In Search of “The Best Personal Blender”

at the Hammacher Schlemmer Institute

Mohammed Faraj and Marcia Faye

While new catalog products outside of Hammacher Schlemmer’s “The Best” category are also thoroughly inspected by Mohammed Faraj’s testing team at the Hammacher Schlemmer Institute to ensure that they are safe, that instructions are easy to understand, and that the manufacturer’s claims are accurate, “The Best” products, however, utilize a protocol that includes one or more of the following methods: in-house testing, a testing panel, and third-party experts/or testing labs.

In fall 2017 Faraj’s team met with the Hammacher Schlemmer merchandising group to discuss items to appear in this year’s summer catalogs.

A personal blender was selected as an item in “The Best” category and the testing process began:

  • A survey was sent to current Hammacher Schlemmer customers of similar items and the Hammacher Schlemmer Institute reached out to a prescreened panel for volunteers who would be interested in serving on a personal blender testing panel.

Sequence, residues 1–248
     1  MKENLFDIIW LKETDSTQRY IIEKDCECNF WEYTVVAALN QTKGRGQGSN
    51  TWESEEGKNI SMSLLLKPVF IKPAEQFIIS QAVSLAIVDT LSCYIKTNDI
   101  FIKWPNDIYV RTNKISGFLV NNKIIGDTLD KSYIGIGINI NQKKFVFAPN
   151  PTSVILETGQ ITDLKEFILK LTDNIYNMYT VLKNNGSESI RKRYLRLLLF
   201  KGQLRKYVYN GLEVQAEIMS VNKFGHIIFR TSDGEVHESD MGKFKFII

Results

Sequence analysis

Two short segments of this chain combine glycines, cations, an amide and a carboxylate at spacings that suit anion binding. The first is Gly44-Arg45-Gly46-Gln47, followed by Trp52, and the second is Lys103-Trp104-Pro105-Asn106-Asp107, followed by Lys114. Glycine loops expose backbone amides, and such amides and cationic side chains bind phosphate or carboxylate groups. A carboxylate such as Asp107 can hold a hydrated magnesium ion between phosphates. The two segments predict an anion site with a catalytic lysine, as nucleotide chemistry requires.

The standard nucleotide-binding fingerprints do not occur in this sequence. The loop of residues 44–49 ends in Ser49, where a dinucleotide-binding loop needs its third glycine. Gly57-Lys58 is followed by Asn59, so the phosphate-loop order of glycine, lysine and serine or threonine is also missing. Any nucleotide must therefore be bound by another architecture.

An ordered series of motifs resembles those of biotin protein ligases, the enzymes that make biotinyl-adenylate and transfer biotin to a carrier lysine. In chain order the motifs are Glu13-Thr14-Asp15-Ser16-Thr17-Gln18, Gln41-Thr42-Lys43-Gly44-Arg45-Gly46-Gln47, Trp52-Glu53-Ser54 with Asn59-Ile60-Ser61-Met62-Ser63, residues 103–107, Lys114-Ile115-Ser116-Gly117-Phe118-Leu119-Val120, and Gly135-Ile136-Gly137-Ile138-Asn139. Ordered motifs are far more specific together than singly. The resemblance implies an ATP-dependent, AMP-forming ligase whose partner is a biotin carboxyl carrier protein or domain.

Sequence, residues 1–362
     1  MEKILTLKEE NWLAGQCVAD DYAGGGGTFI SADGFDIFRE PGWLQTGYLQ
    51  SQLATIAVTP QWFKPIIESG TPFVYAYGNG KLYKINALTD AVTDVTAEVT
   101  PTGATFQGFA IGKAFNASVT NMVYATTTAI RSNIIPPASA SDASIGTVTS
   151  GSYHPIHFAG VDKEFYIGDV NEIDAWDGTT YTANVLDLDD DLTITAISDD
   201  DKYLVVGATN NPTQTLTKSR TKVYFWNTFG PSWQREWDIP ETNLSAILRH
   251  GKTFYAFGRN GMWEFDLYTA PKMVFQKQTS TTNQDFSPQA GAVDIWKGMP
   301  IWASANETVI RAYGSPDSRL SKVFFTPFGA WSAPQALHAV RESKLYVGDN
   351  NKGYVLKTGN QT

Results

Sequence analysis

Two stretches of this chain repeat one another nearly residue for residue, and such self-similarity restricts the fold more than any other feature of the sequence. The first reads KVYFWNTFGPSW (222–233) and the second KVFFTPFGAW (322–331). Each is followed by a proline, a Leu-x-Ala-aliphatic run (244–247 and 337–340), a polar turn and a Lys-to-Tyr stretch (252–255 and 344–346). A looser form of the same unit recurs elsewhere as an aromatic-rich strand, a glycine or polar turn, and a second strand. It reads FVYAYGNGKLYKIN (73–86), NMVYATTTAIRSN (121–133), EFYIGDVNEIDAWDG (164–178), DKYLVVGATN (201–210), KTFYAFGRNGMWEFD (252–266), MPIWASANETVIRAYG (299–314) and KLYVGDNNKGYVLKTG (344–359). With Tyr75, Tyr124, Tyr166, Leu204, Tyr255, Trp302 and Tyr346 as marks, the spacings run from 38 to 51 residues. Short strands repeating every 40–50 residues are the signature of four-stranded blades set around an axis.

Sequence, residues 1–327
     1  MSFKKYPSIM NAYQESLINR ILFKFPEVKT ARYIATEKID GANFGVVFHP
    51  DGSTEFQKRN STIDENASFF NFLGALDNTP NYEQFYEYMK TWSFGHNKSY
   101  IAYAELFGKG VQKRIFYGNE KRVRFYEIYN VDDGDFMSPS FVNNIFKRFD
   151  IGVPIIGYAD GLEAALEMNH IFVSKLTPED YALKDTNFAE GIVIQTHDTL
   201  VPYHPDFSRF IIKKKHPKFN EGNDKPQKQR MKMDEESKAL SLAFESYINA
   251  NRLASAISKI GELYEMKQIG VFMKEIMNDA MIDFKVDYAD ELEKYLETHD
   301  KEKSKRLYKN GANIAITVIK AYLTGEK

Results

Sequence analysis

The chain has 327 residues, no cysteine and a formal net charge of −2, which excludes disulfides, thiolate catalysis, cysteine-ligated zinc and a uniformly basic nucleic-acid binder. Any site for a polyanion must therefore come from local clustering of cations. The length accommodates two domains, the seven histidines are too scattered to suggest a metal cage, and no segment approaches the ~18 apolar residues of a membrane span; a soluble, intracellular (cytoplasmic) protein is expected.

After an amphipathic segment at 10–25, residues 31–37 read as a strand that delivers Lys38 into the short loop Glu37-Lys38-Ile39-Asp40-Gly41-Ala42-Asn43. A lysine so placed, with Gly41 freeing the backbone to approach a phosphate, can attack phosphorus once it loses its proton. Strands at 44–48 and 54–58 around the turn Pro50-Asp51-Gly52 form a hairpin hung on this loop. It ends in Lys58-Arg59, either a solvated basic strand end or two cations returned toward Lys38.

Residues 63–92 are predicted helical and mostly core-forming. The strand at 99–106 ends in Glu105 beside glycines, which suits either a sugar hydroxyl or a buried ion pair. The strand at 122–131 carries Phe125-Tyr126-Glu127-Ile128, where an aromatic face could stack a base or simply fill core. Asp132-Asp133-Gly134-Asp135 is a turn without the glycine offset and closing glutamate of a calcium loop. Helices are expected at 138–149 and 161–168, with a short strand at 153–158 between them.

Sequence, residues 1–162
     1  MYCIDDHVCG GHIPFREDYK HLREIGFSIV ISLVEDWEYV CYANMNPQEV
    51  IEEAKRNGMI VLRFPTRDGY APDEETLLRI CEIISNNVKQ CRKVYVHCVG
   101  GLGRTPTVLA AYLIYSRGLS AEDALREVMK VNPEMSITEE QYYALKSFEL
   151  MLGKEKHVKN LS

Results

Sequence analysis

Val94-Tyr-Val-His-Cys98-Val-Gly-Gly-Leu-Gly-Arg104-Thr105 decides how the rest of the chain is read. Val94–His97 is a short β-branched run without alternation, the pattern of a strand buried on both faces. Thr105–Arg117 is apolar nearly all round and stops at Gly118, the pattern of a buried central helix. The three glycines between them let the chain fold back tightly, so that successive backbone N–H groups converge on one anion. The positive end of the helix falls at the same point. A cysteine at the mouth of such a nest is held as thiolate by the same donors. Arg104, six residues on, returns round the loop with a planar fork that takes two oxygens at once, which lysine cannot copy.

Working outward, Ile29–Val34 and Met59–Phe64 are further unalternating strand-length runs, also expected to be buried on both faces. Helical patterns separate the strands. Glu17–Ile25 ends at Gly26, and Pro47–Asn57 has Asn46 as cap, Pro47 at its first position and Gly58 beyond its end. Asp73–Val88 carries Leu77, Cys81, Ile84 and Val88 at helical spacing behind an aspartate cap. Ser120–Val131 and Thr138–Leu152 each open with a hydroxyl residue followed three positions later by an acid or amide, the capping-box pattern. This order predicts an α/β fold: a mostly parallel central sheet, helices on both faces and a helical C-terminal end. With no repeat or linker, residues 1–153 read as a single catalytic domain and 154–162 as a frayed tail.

• The survey queried panelists on usage, product attributes, and product features.
  • Based on these responses, Faraj’s team researched a number of personal blenders and obtained sample products that were tested in house for durability, noise level, performance, and operation. Faraj used a heat detector to determine if the personal blender remained at an acceptable temperature, for example.
  • The team then narrowed down the selection to the top five personal blenders based on in-house testing. The product names were removed so that panelists would not be influenced by brand or past experience.
  • Because of ease of item portability and test design, the personal blenders were given to panelists to use at home along with recipes for a smoothie and a salsa, which they were required to prepare.
  • Panelists concluded their participation by completing a post-testing questionnaire evaluating the performance and ease of use of each personal blender.
Mohammed Faraj and Marcia Faye

While the testing process takes three to four weeks to complete, the team’s work continues once a product makes it into a catalog.

“We look at online comments on products every day. Even though we evaluate products on the front end, maybe the factory did something on the back end,” explains Sheri Camarata, senior manager of product research, adding that a product will be pulled if the test team notices a trend of complaints. “We’re not done once the item goes to the customer; we’re still following up to make sure that what they’re getting is what we’ve approved and accepted as our standard and our quality.”